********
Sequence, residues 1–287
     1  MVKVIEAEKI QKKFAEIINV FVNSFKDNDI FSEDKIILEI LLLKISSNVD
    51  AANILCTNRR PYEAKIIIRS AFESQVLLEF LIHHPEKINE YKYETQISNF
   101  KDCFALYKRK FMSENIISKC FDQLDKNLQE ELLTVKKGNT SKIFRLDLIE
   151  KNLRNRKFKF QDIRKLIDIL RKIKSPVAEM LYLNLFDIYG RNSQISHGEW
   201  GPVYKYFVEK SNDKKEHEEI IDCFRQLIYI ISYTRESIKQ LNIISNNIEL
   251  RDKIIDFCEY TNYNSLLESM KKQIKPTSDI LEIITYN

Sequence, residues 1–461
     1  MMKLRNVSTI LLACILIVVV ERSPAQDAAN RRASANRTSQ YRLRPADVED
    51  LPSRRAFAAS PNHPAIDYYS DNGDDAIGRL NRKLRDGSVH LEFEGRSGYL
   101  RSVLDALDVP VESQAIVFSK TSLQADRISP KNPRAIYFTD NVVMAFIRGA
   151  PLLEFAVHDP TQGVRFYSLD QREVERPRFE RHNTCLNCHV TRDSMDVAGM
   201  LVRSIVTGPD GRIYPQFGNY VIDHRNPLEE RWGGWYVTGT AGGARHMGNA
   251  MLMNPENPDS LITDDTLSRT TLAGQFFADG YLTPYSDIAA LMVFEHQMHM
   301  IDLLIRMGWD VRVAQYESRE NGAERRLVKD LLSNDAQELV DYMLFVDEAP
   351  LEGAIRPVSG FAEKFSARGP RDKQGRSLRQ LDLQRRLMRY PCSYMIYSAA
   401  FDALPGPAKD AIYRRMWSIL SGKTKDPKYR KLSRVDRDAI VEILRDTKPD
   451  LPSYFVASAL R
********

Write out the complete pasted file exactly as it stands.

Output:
Sequence, residues 1–287
     1  MVKVIEAEKI QKKFAEIINV FVNSFKDNDI FSEDKIILEI LLLKISSNVD
    51  AANILCTNRR PYEAKIIIRS AFESQVLLEF LIHHPEKINE YKYETQISNF
   101  KDCFALYKRK FMSENIISKC FDQLDKNLQE ELLTVKKGNT SKIFRLDLIE
   151  KNLRNRKFKF QDIRKLIDIL RKIKSPVAEM LYLNLFDIYG RNSQISHGEW
   201  GPVYKYFVEK SNDKKEHEEI IDCFRQLIYI ISYTRESIKQ LNIISNNIEL
   251  RDKIIDFCEY TNYNSLLESM KKQIKPTSDI LEIITYN

Sequence, residues 1–461
     1  MMKLRNVSTI LLACILIVVV ERSPAQDAAN RRASANRTSQ YRLRPADVED
    51  LPSRRAFAAS PNHPAIDYYS DNGDDAIGRL NRKLRDGSVH LEFEGRSGYL
   101  RSVLDALDVP VESQAIVFSK TSLQADRISP KNPRAIYFTD NVVMAFIRGA
   151  PLLEFAVHDP TQGVRFYSLD QREVERPRFE RHNTCLNCHV TRDSMDVAGM
   201  LVRSIVTGPD GRIYPQFGNY VIDHRNPLEE RWGGWYVTGT AGGARHMGNA
   251  MLMNPENPDS LITDDTLSRT TLAGQFFADG YLTPYSDIAA LMVFEHQMHM
   301  IDLLIRMGWD VRVAQYESRE NGAERRLVKD LLSNDAQELV DYMLFVDEAP
   351  LEGAIRPVSG FAEKFSARGP RDKQGRSLRQ LDLQRRLMRY PCSYMIYSAA
   401  FDALPGPAKD AIYRRMWSIL SGKTKDPKYR KLSRVDRDAI VEILRDTKPD
   451  LPSYFVASAL R